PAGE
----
If you’re bullying someone, or you’re part of a group or gang who are intimidating people, then you need to realise the very real and damaging effect you could be having on someone else’s life.

Bullying is not a joke. You may think that it's just an extreme name for what you see as some harmless teasing or mucking about, but even name-calling can be very hurtful and you could be causing real, lasting distress.

Ask yourself why you do it and think about your answer.

There are many reasons why people threaten, scare or intimidate others. Some do it to get attention or to make them feel superior over someone else. Making someone else feel small will make them feel big and more important.

Others do it because they see it as a way of fitting in. They may not realise the impact it has on the other people. They may feel jealous of them. Often they pick on the person or people they know who will put up the least resistance.

It’s really important that you realise the impact of your bullying behaviour can have on people. Don’t assume they’ll get over it easily.

People who are bullied may become frightened, feel too intimidated or even to go out at all. This can make them withdrawn, lonely and rejected. Many people who suffer bullying become depressed, some even suicidal.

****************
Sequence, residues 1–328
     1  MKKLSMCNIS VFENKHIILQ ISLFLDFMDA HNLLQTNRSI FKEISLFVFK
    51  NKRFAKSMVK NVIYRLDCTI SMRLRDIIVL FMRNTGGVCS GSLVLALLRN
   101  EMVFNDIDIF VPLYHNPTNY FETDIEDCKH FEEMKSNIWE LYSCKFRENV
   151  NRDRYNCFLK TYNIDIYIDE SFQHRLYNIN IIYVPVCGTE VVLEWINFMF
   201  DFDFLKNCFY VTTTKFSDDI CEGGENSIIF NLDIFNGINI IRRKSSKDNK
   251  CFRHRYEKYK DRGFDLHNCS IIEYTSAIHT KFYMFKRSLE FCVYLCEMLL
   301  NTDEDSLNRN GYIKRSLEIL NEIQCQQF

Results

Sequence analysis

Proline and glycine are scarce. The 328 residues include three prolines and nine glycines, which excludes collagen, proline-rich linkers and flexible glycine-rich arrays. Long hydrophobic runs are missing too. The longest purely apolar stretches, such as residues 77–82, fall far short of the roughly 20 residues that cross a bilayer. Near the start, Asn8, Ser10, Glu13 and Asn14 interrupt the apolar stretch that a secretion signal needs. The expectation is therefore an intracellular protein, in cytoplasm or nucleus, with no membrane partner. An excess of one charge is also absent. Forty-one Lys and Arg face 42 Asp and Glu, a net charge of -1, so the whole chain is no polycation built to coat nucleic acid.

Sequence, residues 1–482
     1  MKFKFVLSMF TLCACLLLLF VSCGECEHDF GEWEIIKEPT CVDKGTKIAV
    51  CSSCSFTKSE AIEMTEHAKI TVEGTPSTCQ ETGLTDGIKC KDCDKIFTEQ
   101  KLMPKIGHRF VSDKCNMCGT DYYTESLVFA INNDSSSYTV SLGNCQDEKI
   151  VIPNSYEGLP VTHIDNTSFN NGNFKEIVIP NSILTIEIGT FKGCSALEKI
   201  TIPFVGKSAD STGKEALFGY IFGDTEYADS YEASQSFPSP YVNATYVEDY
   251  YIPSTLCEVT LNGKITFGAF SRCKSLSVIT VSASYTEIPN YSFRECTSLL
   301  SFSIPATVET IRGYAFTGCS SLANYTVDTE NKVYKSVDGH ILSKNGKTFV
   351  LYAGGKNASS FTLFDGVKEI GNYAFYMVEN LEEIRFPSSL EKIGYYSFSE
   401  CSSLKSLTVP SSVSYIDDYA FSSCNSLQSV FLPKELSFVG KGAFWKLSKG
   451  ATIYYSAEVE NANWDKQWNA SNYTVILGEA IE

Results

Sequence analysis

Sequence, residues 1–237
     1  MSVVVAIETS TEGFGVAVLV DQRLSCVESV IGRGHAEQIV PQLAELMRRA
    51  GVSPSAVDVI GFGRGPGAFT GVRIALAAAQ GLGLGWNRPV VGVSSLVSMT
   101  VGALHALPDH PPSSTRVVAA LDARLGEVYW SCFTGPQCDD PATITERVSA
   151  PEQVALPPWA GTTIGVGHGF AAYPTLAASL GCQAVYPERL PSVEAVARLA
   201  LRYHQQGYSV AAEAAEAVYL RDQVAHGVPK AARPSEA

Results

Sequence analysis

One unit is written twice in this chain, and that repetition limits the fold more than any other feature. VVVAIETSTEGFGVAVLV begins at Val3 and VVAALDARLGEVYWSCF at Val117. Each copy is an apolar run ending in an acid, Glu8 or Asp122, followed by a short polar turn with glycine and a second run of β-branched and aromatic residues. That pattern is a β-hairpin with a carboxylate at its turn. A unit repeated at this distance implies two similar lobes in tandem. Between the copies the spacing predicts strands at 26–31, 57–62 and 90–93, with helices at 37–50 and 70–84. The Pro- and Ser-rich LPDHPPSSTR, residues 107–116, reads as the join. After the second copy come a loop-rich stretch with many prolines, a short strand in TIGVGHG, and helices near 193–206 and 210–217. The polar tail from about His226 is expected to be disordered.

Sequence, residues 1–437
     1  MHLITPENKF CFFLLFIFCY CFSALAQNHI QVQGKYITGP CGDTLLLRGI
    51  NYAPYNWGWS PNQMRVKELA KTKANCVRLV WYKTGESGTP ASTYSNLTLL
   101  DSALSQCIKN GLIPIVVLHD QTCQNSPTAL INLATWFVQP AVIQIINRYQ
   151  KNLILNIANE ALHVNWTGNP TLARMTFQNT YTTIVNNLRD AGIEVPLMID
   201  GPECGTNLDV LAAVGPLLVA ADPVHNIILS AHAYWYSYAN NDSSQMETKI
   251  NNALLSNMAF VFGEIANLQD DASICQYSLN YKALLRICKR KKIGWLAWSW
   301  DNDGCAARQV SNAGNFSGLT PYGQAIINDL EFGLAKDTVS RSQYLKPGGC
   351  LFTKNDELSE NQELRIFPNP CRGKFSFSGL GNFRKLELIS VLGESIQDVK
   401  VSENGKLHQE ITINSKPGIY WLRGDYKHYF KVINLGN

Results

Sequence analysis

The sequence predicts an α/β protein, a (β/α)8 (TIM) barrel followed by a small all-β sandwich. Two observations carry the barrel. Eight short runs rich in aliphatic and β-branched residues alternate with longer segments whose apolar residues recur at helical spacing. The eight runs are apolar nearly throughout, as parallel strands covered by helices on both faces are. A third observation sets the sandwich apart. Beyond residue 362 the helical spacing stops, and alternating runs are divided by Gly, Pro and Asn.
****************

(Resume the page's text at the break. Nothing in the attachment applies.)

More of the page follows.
If you’re intimidating behaviour, name-calling and slagging off becomes violent or emotionally traumatic, the effect on your victim can last years and can cause that person real and in some cases irreparable damage.

Think about what you’re doing

Do you know why you bully people?

Talk to a friend, adult, or colleague to get help. Feel good about changing the way you act around people. You can choose the sort of person you want to be.

Training to Prevent Bullying Behaviour

NSPCC: The home learning based correspondence courses also include distance learning programmes on Preventing Bullying Behaviour. Click here for details, or visit the web-site www.educare.co.uk for further details.

Homophobic Bullying, particularly of Children

A particular type of bullying involves the victimisation of a person (which may be child) in relation to sexual orientation. Further guidance (from the Child Protection in Sport Unit (CPSU) can be found by clicking here.

Further Information

In the following table click on an underlined link in the first column to navigate to the organisation’s website. Underliined links in the second column will bring up your email client with the email address pre-entered.

Bullying Online Contains advice about bullying.
Cyberbullying and CyberMentors Online Contains advice and support about cyberbullying, particularly to young people.
Bully Free Zone Raises awareness of alternative ways of resolving conflict, and of reducing incidences of bullying. Address: Bully Free Zone, 23 Palace Street, Bolton. BL1 2DR
Bullywatch Aims to support and help anyone who is involved with bullying issues, e.g. victims, bullies and witnesses. Phone: 01454 318753. Email: bullywatch@hotmail.com
Careline Telephone counselling for anyone experiencing bullying and other problems. Phone: 0113 2302 226 (Leeds) or 020 8514 1177 (London)